Mussels in White Wine Sauce

Mussels in White Wine Sauce - How I Faced My Fears

I don’t know about you, but there have always been meals that I have been scared to cook. There are simply some types of food that seem very difficult to handle. And some recipes seem to be so complicated that I worry it would take me hours making them. (I must confess here that I am happy to spend a whole day in the kitchen only if I prepare a feast not a single dish). Mussels are a great example of ingredients that used to scare me. I don't know why, maybe because I didn't have them that often and treated them as a delicacy. Or perhaps because it used to be almost impossible to purchase them in Poland. Or probably I simply didn't know how to make mussels. But I loved eating them so, one day I decided to face my fears finally and bought this dreaded seafood. And soon I realized they weren’t as tricky as I thought!

How to Clean Mussels?

Although it takes some time to get them ready for cooking, the method is not hard at all. So, how to clean mussels? First, you have to rinse them. Then you have to check each one. When it is open, you should tap it on the kitchen surface and see how it behaves. If it closes, then you can use it. Otherwise, it is dead, and you should discard it. You must also throw away all the damaged ones. Next, you should remove any barnacles or "beards" from all of the closed shells. Afterwards, you should rinse them thoroughly again. And now they are not only ready to use but you also have behind you the most time-consuming part of preparation. Cooking these delicious classic Mussels in White Wine Sauce will now take you only minutes. P.S. Once you know how easy it is to clean mussels, you may want to try them in some other recipes. [recipe-video]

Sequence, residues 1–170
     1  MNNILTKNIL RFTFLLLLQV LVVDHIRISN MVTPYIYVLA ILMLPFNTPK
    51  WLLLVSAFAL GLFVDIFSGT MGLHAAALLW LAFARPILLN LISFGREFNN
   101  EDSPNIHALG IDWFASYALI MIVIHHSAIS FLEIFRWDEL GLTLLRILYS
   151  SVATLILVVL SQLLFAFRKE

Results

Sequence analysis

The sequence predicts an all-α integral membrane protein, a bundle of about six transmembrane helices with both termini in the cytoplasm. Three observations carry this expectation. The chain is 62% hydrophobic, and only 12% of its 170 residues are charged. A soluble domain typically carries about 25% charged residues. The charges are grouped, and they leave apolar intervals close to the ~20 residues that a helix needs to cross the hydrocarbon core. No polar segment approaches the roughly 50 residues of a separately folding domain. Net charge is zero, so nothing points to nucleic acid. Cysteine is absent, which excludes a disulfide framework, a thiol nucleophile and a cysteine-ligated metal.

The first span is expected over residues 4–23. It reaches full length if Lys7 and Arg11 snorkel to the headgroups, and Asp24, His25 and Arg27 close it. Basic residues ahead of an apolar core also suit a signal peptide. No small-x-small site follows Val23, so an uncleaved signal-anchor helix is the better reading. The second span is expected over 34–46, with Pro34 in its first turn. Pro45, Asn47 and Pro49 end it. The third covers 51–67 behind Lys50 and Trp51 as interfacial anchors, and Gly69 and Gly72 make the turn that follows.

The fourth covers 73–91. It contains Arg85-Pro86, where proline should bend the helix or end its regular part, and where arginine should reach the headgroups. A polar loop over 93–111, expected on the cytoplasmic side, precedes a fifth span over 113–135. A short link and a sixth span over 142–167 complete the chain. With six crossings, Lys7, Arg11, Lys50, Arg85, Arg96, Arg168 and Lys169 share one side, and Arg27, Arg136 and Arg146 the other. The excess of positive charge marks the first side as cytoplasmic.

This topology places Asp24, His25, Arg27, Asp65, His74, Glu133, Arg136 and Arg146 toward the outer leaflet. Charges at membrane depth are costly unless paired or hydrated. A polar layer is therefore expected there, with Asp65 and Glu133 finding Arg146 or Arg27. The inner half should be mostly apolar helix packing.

Mussels in White Wine Sauce

A classic dish of mussels cooked in white wine with parsley, perfect with a fresh baguette.
Servings people
Prep Time 30 minutes
Cook Time 10 minutes



  1. Prepare the mussels: rinse them very well in cold water.
  2. Take one mussel: if it is damaged, discard it straight away and if it is open, give it a vigorous tap. If it stays open, discard.
  3. If a mussel is closed (or closes after tapping), wash it and scrape off with a knife any barnacles; remove “beard” that may be between the two shells.
  4. Repeat the above with all the mussels.
  5. Rinse all of them again.
  6. In a big pan (big enough for all the mussels) melt the butter, add the shallots and cook over low heat for 3-5 minutes until translucent.
  7. Pour in the wine, add the bay leaf and bring to boil.
  8. Add the mussels, cover the pan tightly with a lid and steam on a high heat for 5 minutes, shake the pan vigorously 1-2 times in between.
  9. Remove the bay leaf and any unopened mussels; add the chopped parsley, stir and serve straight away with baguette to mop up the sauce.

Recipe Notes

The recipe was adapted from “The New Fish Cooking Encyclopedia” by Kate Whiteman.

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Agnieszka Weiner

Hi, I am Agnieszka, and I am passionate about delicious but healthy food. Many healthy dishes are bland and uninteresting. I reject this. So I created my blog Tastes of Health to share my yummy recipes for healthier (often plant-based and gluten-free) versions of family favourites. I look forward to receiving your feedback after you try them.

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